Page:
Martin Crowe: has he missed something in his well-laid plans? © Getty Images

Summer may not have arrived in New Zealand but the Christmas turkey did and, as New Zealanders pile into their cars and head for the holiday spots, television becomes all-important for cricket fans to keep in touch with the international season cricket. As Boxing Day dawned for the first ODI between New Zealand and Sri Lanka at Auckland, the Sunday News featured a column outlining what Sky Television had to offer this season. The opinion piece was the work of New Zealand's greatest ever batsman, Martin Crowe, who also happens to be the head of Sky's cricket coverage.

Of note was Crowe's admonishing of Hawk-Eye, the visual technology commonly used to demonstrate whether or not a delivery will hit the stumps. In his column, Crowe said Sky would only use technology that could assist the umpire. In his view, Hawk-Eye was a hindrance that could never be used by umpires as it could only guess where the ball would have travelled. Not only is his logic flawed - umpires and commentators alike are themselves guessing - he failed to paint the full picture for readers on the merits of Hawk-Eye and instead promoted a new Sky-designed gimmick. As Cricinfo's S Rajesh demonstrated earlier, this year Hawk-Eye is in fact correct 99% of the time, a figure umpires are unable to achieve.

Also of interest on the opening day of the season was Crowe's announcement of Sky's commentary team. Along with the regulars, all of whom were ex-New Zealand players, Crowe recruited the recently-retired Mark Richardson as well as the injured duo of Shane Bond and Chris Harris. The decision to not include a Sri Lankan commentator was both curious and potentially dangerous. While Crowe is no doubt correct when he said entertainment was the overriding consideration for television, accuracy on player information can never be compromised. This is particularly so when Sri Lanka has not featured regularly on New Zealand television for over 18 months. When a commentary team lacks someone with intimate knowledge of a touring side,the risk of misinformation increases.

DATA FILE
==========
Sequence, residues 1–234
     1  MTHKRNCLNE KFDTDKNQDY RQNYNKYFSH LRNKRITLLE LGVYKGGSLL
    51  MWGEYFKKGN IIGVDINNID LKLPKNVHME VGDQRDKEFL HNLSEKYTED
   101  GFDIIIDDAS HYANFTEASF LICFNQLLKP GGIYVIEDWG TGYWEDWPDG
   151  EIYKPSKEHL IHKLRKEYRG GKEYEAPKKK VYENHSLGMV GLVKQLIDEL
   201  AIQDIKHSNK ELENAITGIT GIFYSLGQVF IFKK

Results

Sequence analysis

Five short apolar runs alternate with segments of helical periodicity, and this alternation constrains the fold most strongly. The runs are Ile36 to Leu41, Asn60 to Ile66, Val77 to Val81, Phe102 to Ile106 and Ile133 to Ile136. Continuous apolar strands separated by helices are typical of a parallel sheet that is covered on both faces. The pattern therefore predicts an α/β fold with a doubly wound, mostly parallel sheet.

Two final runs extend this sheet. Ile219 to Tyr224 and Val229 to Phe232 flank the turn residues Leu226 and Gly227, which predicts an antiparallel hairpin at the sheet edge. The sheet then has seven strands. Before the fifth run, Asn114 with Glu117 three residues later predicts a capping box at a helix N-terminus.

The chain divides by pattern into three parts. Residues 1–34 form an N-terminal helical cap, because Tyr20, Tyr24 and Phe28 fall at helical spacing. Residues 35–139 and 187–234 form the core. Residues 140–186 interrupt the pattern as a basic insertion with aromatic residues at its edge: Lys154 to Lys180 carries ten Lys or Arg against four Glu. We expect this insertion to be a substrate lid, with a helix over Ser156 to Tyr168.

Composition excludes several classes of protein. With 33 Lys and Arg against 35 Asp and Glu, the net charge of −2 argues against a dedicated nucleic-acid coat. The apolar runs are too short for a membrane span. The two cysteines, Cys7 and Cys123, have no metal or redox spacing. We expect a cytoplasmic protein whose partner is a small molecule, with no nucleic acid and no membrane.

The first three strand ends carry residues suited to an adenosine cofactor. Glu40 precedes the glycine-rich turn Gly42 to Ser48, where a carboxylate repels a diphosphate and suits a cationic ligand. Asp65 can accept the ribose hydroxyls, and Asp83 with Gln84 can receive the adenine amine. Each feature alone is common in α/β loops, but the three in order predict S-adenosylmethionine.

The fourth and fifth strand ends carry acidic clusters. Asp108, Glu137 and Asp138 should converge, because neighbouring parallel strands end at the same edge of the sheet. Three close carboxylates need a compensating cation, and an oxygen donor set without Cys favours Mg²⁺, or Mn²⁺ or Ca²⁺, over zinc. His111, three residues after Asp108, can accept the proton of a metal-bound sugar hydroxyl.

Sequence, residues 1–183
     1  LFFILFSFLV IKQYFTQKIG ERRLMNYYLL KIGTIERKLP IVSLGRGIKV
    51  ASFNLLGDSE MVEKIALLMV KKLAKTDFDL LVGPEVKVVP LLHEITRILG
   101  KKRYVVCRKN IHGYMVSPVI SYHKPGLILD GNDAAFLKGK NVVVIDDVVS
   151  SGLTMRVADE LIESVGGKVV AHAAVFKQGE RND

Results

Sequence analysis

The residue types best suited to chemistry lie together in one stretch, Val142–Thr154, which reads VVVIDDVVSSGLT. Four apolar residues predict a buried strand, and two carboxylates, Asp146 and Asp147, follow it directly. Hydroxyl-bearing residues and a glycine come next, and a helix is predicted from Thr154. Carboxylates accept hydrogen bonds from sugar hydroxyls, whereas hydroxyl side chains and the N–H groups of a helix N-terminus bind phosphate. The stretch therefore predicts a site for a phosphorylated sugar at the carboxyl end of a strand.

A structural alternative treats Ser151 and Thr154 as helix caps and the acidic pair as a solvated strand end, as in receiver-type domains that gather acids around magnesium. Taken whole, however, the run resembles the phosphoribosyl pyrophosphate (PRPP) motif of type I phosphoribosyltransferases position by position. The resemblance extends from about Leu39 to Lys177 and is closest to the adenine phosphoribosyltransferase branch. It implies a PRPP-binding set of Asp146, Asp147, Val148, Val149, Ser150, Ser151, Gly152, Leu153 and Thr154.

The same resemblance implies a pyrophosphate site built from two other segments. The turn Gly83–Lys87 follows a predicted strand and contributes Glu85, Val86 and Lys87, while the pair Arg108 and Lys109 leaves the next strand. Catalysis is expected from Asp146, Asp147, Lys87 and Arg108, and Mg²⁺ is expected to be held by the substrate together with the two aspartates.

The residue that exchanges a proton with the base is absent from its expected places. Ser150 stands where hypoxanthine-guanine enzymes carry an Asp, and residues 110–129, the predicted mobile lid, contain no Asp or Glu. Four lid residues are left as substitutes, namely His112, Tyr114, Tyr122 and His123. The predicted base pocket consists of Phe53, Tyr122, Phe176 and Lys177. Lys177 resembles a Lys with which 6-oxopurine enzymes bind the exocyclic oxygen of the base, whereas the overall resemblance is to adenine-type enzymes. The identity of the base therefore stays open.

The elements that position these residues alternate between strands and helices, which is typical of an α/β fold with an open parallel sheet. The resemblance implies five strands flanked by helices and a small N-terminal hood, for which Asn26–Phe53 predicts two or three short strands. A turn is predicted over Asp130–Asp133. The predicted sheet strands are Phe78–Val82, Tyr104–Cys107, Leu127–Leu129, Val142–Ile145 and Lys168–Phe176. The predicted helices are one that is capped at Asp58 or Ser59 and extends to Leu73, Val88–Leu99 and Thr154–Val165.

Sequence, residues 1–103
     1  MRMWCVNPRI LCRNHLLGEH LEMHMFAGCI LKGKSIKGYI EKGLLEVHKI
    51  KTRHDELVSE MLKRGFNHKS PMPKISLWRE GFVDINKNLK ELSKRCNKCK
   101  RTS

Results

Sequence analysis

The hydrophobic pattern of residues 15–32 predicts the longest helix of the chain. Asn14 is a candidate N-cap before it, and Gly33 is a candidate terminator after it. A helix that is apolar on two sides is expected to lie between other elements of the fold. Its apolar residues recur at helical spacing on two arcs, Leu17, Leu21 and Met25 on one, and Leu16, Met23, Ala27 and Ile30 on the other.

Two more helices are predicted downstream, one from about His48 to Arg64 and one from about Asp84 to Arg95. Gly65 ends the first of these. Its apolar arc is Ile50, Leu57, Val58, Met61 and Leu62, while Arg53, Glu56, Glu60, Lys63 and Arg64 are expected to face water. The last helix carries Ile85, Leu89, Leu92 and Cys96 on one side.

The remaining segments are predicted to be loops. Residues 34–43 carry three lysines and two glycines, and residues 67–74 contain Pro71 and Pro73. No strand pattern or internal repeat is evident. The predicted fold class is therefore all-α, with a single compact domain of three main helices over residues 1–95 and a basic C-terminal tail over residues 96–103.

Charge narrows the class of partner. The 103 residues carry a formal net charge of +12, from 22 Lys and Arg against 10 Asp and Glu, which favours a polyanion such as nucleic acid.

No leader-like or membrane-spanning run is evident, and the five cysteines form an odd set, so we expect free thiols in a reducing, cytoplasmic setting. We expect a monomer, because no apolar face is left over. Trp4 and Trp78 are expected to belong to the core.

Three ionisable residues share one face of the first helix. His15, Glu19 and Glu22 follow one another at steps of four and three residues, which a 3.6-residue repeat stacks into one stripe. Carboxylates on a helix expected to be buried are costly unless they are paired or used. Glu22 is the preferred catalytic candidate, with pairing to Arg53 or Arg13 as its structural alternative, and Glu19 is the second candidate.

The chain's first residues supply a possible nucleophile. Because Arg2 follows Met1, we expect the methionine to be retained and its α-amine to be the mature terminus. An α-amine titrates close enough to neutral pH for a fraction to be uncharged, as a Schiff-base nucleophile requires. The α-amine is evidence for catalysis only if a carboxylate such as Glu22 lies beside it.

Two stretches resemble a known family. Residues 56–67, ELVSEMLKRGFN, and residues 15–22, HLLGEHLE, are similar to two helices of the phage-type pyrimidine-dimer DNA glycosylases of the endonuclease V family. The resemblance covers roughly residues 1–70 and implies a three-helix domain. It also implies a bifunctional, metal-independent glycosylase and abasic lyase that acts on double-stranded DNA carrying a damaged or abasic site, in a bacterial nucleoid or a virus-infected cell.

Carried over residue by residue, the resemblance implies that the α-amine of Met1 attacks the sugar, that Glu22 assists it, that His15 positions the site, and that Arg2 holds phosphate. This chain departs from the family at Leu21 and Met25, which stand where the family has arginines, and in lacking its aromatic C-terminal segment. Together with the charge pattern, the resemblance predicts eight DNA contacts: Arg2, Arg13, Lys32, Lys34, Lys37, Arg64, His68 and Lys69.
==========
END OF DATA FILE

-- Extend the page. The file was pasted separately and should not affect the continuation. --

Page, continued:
And so it happened before a ball was bowled at Eden Park. As the Sri Lankan openers, Sanath Jayasuriya and Saman Jayantha, made their way out to the middle Crowe, opening up on Sky Television, said that Jayantha had been promoted ahead of Marvan Atapattu. The obvious surprise in Crowe's voice was misplaced since Atapattu had not opened in an ODI since the tour of Zimbabwe in April while Jayantha had partnered Jayasuriya regularly since then.

Having an expert on Sri Lankan cricket would not only have seen such errors rectified quickly but would help the New Zealand commentators to really get to know the Sri Lankan players. It would also add another perspective to the comments such as "Cairnsy" and "we're looking good" - something we heard from Adam Parore today.

Andrew McLean is a presenter of The Cricket Club, New Zealand's only national radio cricket show (www.cricketclub.co.nz).